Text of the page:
Law Firms Find New Ways to Help Needy, for Free ; Because Many Firms Have More Nontrial Lawyers, It's Harder to Meet Pro Bono Targets. So Some Are Giving Time to Specific Groups, like Foster Kids
Savoye, Craig, The Christian Science Monitor
Three years ago, with the economy booming and billable hours soaring, volunteerism among the lawyers at the large Minneapolis firm of Faegre & Benson was beginning to languish.
Senior partners, afraid a perception of big bucks coupled with small hearts would diminish their firm's stature in the community, decided it was time to get creative.
Instead of relying on traditional models, they focused the firm's pro bono efforts on a single program, JUSTice FOR KIDS, a local nonprofit that speeds placement of children languishing in foster homes.
The pro bono participation rate spiked to 92 percent - compared to less than a third of that in most firms - and more than 30 tax and real estate attorneys underwent specialized training so they could represent juveniles in court.
Faegre & Benson is not alone. The long-standing legal tradition of pro bono - or free legal service to those without the means to pay - is undergoing a broad transformation. While some firms may see the work as a burdensome obligation, others are involving more of their employees, in more innovative ways.
Shifts in the legal field and headlines about a pro bono decline prompted some of the changes. In the past, pro bono was the province of a law firm's litigators - trial attorneys with the courtroom experience and skills that nonprofits or battered wives needed to represent them.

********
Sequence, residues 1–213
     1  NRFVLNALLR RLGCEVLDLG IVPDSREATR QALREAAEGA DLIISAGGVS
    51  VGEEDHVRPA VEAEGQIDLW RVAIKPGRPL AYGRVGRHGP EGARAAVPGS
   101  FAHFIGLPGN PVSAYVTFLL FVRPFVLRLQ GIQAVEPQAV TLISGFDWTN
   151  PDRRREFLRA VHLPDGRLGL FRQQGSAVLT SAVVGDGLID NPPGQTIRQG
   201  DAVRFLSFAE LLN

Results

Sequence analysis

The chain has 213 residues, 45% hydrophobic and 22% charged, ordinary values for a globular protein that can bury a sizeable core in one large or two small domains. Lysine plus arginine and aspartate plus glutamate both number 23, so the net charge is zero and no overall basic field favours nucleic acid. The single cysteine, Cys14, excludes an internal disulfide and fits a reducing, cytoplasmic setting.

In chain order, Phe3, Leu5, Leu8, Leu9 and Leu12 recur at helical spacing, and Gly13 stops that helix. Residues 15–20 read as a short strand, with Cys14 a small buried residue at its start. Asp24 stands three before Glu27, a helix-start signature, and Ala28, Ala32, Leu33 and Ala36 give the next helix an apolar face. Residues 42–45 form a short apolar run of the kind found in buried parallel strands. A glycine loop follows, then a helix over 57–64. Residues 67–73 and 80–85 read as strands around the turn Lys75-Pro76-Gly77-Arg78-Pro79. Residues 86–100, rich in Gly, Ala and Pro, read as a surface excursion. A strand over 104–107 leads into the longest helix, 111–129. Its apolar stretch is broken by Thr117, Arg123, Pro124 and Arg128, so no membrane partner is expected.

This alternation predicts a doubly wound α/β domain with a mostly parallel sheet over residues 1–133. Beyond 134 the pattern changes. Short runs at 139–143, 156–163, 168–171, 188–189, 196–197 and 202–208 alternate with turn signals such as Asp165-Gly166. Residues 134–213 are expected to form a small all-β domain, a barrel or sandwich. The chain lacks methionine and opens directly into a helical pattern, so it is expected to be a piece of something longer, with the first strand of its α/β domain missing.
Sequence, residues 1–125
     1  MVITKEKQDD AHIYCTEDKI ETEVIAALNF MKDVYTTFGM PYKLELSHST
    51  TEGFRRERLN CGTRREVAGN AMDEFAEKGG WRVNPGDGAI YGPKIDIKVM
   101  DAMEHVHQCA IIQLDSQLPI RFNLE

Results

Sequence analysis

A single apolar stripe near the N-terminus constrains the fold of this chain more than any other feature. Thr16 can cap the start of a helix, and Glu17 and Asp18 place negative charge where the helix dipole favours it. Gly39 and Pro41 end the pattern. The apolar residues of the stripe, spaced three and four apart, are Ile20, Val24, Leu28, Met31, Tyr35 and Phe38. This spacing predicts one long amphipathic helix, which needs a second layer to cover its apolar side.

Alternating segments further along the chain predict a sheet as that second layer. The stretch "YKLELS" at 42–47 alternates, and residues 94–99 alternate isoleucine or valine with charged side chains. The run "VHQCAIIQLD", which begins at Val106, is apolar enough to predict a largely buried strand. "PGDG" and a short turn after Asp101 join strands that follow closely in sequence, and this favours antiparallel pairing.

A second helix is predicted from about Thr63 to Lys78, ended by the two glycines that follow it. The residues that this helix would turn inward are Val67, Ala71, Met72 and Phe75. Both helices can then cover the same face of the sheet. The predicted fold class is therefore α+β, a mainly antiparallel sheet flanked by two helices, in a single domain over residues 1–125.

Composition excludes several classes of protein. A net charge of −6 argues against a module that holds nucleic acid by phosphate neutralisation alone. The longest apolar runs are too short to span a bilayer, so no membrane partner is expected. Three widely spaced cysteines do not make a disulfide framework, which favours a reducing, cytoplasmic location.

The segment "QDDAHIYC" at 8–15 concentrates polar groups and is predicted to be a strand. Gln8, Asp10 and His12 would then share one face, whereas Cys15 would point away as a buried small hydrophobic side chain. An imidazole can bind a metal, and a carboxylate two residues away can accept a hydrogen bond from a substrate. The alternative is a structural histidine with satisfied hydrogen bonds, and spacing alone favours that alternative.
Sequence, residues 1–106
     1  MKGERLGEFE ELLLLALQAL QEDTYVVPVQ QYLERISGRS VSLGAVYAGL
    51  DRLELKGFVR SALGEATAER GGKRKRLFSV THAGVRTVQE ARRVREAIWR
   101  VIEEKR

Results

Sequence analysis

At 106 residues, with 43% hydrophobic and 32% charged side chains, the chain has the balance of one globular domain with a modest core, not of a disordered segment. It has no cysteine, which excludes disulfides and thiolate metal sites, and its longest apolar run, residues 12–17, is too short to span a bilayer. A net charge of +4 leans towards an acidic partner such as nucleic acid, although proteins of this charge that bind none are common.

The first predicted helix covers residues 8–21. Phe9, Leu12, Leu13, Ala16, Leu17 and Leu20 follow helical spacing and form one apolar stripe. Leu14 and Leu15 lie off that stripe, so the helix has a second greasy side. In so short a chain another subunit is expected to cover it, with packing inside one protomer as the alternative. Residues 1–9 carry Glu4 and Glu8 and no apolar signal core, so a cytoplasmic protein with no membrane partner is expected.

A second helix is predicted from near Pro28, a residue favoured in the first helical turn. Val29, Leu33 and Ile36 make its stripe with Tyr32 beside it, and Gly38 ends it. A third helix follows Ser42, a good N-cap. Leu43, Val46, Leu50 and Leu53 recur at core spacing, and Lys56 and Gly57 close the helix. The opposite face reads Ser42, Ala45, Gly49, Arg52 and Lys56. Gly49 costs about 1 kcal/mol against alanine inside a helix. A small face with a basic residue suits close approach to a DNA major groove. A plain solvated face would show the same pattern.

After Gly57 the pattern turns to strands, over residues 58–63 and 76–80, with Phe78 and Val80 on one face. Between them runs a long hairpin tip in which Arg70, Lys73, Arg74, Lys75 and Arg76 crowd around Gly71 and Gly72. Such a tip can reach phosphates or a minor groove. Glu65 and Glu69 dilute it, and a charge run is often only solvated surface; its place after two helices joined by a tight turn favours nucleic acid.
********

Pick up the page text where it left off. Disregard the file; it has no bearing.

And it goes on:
But that model has broken down as large firms have grown to include hundreds of corporate attorneys who rarely see the inside of a courtroom. "It's a huge problem in the pro bono community. That is, a lot of attorneys feeling there are not projects appropriate for their expertise," says Peter Gilhuly, a partner with Latham & Watkins in Los Angeles and national chair of its pro bono committee.
Adding to the problem was the economic success of the '90s. The Pro Bono Institute sets the annual volunteer target at 3 percent of billable hours. For a prosperous firm like Faegre & Benson, that means the pro bono target soared from 16,000 hours in 1999 to 18,000 in 2000 and a projected 21,000 hours this year.
As a result, not every firm is keeping up. Last year American Lawyer magazine reported survey results that showed the average lawyer spent 36 hours in 1999 performing pro bono work versus 56 hours in 1992. …